In March, the Florida International Law Review hosted a symposium on the Separation of Powers. It was a stellar lineup, including David Bernstein, Ron Rotunda, Lee Strang, Brannon Denning, Jon Adler, and Michael Ramsey. My contribution, Government by Blog Post, is now available on SSRN. Here is the abstract.
During the implementation of the Affordable Care Act, President Obama repeatedly turned to this all-too-familiar pattern of executive action. First, the impact of the Affordable Care Act made certain groups worse off. Second, as a result, Congress was pressured to modify the law to alleviate these negative externalities from the law. However, Democrats feared that Republicans would seize the opportunity to unravel other portions of the law. This halted any possible bipartisan support for legislative amendments. Third, in the face of this gridlock, President Obama turned to executive action to alter the ACA’s onerous mandates. Specifically, he delayed and suspended the individual and employer mandates, as well as modified provisions affecting benefits for Congressional employees and coverage in the U.S. territories.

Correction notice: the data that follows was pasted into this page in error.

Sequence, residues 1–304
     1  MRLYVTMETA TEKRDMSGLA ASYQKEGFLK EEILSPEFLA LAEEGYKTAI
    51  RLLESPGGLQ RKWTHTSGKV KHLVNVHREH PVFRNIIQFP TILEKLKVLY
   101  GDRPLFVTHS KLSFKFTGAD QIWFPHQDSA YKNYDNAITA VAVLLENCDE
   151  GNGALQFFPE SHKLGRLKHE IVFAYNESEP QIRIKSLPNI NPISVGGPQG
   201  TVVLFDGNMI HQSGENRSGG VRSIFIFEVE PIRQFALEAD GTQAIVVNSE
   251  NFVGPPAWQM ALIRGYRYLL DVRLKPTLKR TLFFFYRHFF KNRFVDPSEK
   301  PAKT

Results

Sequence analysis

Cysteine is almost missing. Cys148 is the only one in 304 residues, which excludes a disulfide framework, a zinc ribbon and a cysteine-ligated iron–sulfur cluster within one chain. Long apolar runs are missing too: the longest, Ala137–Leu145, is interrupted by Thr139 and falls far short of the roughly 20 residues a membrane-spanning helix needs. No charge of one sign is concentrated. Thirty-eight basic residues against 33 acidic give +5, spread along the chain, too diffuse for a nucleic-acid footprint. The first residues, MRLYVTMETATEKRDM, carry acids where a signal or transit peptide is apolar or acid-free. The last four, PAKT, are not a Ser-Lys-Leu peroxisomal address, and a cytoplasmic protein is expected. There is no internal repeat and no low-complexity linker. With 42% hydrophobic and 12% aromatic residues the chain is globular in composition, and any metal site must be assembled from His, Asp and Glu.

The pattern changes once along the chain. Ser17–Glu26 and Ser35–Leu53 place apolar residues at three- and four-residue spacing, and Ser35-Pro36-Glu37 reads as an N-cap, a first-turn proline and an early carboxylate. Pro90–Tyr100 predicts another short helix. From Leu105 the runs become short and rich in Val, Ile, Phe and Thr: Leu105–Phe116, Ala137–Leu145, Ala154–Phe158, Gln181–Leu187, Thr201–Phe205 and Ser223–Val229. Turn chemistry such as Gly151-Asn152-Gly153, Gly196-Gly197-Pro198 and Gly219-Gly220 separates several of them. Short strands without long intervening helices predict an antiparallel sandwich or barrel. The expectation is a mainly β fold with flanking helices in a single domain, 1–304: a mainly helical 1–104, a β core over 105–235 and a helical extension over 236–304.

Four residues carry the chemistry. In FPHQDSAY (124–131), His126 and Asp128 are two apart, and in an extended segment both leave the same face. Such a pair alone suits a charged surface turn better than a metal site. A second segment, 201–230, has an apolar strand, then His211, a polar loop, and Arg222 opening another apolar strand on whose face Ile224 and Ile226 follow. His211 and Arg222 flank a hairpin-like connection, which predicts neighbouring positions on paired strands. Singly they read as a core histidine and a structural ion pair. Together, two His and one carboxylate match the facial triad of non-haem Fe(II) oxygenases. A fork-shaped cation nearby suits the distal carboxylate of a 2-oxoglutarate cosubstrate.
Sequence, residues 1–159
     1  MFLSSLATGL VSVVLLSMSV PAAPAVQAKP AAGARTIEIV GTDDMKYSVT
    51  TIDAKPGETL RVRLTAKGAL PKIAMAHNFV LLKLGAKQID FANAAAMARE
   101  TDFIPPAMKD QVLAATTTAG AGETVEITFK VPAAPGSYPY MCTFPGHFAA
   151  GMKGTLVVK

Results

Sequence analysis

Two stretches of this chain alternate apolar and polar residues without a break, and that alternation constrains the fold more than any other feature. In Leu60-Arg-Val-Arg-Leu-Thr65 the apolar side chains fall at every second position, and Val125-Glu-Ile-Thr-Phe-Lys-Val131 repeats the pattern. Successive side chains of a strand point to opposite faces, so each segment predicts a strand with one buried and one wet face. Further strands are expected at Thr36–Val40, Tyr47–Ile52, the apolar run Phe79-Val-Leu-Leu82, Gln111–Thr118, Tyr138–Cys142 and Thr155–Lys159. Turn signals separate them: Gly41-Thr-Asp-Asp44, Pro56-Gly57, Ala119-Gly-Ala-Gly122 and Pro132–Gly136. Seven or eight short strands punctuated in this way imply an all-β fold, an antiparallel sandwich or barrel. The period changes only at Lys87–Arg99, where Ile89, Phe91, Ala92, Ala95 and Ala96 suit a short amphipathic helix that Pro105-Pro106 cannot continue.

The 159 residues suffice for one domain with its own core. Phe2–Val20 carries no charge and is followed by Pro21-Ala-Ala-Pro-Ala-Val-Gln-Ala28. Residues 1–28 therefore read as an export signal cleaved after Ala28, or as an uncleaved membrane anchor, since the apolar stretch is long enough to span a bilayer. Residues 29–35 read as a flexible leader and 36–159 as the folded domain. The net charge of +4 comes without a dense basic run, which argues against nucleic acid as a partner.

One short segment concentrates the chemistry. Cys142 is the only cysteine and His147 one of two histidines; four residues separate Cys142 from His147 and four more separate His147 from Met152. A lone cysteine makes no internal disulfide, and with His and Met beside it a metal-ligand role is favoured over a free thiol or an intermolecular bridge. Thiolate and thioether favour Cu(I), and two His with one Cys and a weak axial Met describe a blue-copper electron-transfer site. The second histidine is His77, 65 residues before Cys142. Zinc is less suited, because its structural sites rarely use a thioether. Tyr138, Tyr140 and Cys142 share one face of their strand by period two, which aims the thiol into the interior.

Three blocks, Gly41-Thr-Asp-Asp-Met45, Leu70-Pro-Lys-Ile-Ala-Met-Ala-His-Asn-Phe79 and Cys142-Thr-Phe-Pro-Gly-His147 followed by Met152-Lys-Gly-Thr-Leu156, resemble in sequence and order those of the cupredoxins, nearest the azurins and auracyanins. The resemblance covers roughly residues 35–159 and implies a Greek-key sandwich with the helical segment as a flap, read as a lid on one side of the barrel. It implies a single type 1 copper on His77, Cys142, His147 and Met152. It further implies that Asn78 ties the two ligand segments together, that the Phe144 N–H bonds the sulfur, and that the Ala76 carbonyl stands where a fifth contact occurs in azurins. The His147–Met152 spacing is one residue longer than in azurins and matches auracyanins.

Each of these executive actions—implemented through formal notice-and-comment rulemaking or informal social-media blogging—came as a complete surprise. Each change posed risks to the long-term sustainability of the law. Each change relied on tenuous readings of the statute, and dubious assertions of executive authority to accomplish ends entirely at odds with what Congress designed. Each action was contested in court by states and private parties. However, because the executive actions had the effect of lifting burdens, rather than imposing any injuries, the government vigorously contested that no one had standing to bring suit. As a result, the ultimate legality of these moves was decided not by the courts, but by the President, who desperately acted alone to salvage his signature law.
One of the more disconcerting aspects of the law’s implementation, beyond the numerous delays and waivers, has been the cavalier approach by which the government announced these changes. It soon became a painful pastime of ferreting through these massive document dumps and attempting to find the actual basis for the rule previously announced in the blog post. And invariably, the policy, as stated in the blog post, doesn’t quite match up what is in the rule. This was no longer a government of law, but a government by blog post.
This article was part of a symposium on the separation of powers hosted by the Florida International University Law Review.